Most young aspiring musicians looking to become performers head to music conservatories or schools with a strong music department in this country.
Not Kate Szumowski.
A French hornist, she recently graduated from Broadalbin-Perth High School and has been a member of the Empire State Youth Orchestra for the past five years. Now she’s headed to the Royal Conservatoire of Scotland to major in performance.
“I wanted to travel when I was still young,” Szumowski said. “I had a friend who was a German immigrant who suggested I check out international schools. That was two years ago.”
She began checking around and once she discovered she could audition with tapes and have virtual interviews that would gain acceptance into an international school possible, she never looked back.
“That’s what I wanted and I could see the opportunities,” Szumowski said. “I want to play in an international orchestra, in operas and do movie sound tracks. Then I want to get my master’s in music education and teach kids and then found my own music institution for underprivileged kids to further their own abilities.”
Ambitious goals but typical for Szumowski. Music doesn’t run in the family but musical theater connections do.
“My grandmother sings and my aunts did musical theater and my mom started a musical theater program,” she said. “My mom is an elementary school teacher at Broadalbin and she started a musical theater program. She never was my school teacher but was my drama teacher in ‘Sound of Music’. It was a great collaboration.”
Szumowski herself started piano at age 6 — her brother Jack, who is four years older, tried guitar but preferred baseball. Then in third grade she started voice lessons, which by fifth grade continued weekly through high school, as well as lessons in mandolin and violin. She tried musical theater but decided that — not being a dancer — she’d opt out. Instead, she discovered French horn.
“I saw French horn and decided to dedicate my life to that,” she said.
Over the next several years through high school, Szumowski performed in 25 school musicals as well as 40 others in the community, often co-directing, working as a member of the crew or teaching stage techniques to the drama students.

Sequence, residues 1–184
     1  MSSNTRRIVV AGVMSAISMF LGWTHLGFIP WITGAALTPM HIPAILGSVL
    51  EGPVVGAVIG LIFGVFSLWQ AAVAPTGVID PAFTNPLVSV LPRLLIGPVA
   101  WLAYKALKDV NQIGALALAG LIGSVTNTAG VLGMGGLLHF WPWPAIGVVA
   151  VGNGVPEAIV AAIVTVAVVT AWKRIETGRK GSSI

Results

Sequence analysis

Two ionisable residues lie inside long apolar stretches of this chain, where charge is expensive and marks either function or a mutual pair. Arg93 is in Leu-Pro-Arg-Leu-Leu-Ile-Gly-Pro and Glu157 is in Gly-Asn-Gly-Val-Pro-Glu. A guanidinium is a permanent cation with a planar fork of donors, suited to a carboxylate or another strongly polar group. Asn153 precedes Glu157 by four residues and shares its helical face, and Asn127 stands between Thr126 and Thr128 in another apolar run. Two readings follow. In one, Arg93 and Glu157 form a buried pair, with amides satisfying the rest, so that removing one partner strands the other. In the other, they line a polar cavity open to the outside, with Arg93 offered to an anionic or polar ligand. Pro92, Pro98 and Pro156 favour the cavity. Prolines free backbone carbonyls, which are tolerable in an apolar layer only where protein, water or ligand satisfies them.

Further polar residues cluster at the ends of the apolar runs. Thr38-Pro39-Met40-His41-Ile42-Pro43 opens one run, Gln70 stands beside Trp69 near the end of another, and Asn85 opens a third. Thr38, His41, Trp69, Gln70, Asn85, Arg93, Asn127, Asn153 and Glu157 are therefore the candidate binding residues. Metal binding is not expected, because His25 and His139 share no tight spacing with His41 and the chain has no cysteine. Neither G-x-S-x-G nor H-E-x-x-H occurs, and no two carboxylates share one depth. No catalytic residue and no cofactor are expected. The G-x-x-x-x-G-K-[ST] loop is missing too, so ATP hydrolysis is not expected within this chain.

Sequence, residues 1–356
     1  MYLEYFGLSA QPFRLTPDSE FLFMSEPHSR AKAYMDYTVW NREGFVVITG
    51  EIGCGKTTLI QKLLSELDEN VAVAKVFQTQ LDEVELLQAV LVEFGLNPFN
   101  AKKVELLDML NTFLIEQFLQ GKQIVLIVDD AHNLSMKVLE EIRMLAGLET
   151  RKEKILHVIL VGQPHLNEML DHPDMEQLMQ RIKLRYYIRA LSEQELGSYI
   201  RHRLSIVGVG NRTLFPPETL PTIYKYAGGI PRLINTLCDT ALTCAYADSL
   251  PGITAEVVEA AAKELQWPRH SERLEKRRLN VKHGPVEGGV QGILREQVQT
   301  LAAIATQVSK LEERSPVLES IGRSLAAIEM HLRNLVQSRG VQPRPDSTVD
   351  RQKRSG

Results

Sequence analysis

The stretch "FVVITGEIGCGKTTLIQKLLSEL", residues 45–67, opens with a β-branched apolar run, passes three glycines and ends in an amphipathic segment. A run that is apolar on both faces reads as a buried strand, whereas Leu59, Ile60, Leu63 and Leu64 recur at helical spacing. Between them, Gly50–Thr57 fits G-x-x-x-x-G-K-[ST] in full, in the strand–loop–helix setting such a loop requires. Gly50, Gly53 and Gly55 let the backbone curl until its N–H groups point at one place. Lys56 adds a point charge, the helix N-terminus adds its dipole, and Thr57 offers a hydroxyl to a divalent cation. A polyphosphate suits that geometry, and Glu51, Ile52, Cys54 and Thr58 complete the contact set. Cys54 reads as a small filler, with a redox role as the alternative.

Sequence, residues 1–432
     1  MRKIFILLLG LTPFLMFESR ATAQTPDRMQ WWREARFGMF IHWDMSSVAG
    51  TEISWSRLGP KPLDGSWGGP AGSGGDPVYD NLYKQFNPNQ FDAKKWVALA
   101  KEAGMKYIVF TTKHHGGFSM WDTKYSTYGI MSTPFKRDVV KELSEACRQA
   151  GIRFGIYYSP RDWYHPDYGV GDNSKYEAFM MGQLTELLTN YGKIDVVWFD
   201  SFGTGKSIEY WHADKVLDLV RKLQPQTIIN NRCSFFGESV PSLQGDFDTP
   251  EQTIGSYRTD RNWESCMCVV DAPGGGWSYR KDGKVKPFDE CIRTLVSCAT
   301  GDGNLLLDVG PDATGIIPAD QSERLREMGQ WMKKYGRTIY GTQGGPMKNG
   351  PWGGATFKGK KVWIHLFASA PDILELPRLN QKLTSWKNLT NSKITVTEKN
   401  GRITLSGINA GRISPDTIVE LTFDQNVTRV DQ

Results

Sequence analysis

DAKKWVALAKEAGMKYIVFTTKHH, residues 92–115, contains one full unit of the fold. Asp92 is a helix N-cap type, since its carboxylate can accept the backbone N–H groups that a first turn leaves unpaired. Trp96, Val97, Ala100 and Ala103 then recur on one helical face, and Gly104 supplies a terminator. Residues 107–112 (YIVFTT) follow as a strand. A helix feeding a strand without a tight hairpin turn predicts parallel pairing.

Besides the pit orchestras, she played in the school’s various bands and played piano for the chorus. At 16, she also started a summer vocal program from her home after finding that the community had only one vocal studio. Currently she has 12 students. She also applied herself to her schoolwork and is this year’s salutatorian.
“I drive myself sometimes,” Szumowski said with a laugh. “You need a star to shoot for and go from there.”
All this plus her years in ESYO, which recently awarded her with the Barry Richman Careers in Music Scholarship. And, possibly being inspired by her musical commitment, her high school revamped the music department and offered a course in music theory for the first time, which reaffirmed her own direction to be in music as a career, she said.
But about two years ago, Szumowski began looking to where she wanted to go for college. Knowing of her interest in pursuing an international connection, she began researching the possibilities and was particularly drawn to the conservatories in Scotland and Wales.
“I had meetings with the brass heads and decided the Scots was a better fit … and people that I met would help me to where I wanted to go. The school is considered the third best in the world. It’s based in Glasgow. It’s an up and coming music city and I’d be in the heart of it.”
The school, which was founded in 1847, teaches all disciplines including theatre, film and production and has up to about 850 students just in the music department. Competition to be accepted is stiff. After making her initial application last October, the school contacted her in November asking for an audition tape. Szumowski prepared a tape that included several orchestral excerpts and two solos that she recorded at her home. By Christmas, she received word that she’d been accepted.
Her father, Edward, who is a software developer, and her mom, Jennifer, were initially concerned about her being so far from home.
“But both my parents understand the importance of the arts,” she said. “They’re both on board now and are excited for me to become a professional musician.”
They were all going to visit the school and had a virtual tour, but the omnicron variant destroyed that plan, she said. Instead, Szumowski made a friend in Glasgow online who showed her on Google maps where everything was located and she already has an apartment, which will be a three-minute walk from the school.
Best of all, she now has a new French horn that her parents bought her a couple of weeks ago in Boston that she loves to play on. And she leaves for Glasgow on Sept. 15.
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Categories: Entertainment, Life and Arts, Life and Arts